What I always did was, with the bike in Neutral, and key on the run setting, take a big insulated flat blade screwdriver, I have one with a wooden handle, and touch the 2 big terminals on the solenoid with it. That is basically bypassing the solenoid and jumping 12VDC directly to the starter. If the starter cranks over OK, then your starter is OK and you need to troubleshoot the circuit to/from your start button and/or swap out the solenoid with a known good one. God it's been forever, but it I remember correctly when you press the start button it sends 12VDC to the solenoid small terminal, energizing the solenoid and making a connection internally to the 2 large terminals in essence jumping the starter the same way you would with a screwdriver. It's been ages though, and without my manual in front of me I'm not 100% sure if pressing the start button sends 12VDC to the solenoid, or grounds that terminal. Without a schematic in front of me I can't be certain! Ah the days of the Post-Shovelhead! We don't usually have to get into too many electrical issues!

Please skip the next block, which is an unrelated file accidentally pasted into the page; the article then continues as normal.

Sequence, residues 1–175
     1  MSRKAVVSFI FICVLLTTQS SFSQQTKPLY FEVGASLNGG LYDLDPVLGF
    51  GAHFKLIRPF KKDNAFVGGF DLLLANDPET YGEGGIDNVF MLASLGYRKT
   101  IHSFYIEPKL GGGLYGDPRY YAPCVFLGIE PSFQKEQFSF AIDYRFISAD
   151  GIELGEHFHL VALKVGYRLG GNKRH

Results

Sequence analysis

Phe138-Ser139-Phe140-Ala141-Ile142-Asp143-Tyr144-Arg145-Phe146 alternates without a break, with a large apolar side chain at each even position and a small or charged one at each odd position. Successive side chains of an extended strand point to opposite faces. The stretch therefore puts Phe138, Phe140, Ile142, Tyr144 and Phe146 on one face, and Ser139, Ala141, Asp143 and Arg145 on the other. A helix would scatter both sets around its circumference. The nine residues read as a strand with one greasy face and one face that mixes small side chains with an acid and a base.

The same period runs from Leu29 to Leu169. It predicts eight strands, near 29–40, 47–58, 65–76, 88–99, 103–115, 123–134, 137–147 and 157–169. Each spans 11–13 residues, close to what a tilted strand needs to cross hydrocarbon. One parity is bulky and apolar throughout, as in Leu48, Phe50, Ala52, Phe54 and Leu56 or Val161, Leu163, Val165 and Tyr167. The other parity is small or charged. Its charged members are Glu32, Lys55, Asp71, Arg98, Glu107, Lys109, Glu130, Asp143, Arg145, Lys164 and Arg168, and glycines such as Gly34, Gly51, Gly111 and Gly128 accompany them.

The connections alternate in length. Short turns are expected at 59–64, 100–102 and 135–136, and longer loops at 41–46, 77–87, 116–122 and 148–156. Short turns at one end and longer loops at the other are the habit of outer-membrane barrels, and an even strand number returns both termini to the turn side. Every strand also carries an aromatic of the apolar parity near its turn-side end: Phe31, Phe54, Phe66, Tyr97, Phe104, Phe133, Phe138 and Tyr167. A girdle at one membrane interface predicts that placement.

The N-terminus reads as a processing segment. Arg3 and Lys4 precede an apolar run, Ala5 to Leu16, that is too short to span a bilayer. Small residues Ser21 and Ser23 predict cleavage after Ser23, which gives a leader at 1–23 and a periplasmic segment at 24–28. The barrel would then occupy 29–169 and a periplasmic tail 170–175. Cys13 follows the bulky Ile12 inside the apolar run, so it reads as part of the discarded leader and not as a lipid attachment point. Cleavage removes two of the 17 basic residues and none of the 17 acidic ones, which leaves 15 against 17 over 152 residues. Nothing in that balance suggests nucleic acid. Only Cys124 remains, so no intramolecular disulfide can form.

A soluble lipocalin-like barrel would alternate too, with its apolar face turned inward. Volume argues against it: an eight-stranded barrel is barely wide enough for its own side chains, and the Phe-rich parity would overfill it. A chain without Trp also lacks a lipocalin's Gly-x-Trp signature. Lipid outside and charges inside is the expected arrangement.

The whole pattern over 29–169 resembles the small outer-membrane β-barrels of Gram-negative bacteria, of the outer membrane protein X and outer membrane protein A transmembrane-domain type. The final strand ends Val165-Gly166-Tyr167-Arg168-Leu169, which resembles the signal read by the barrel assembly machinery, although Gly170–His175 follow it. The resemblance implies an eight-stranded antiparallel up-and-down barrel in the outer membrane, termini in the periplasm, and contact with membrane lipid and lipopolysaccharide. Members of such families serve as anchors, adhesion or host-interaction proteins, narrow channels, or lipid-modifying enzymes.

Snyde
  10. hotroadking

    hotroadking Super Moderator Staff Member

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    It should send 12 volts to the solenoid from the starter button..

    Now days the solenoid is grounded and there is
    a small connector on top that comes from the starter
    button, and that's where the 12 volts is delivered to
    kick the solenoid into action.

    A way to check is to take a wire from the positive terminal of the
    battery and jump it straight to the solenoid connection for the
    starter button. If it works you have a wire or button problem, if not
    you have a solenoid problem.
  11. snydley

    snydley Active Member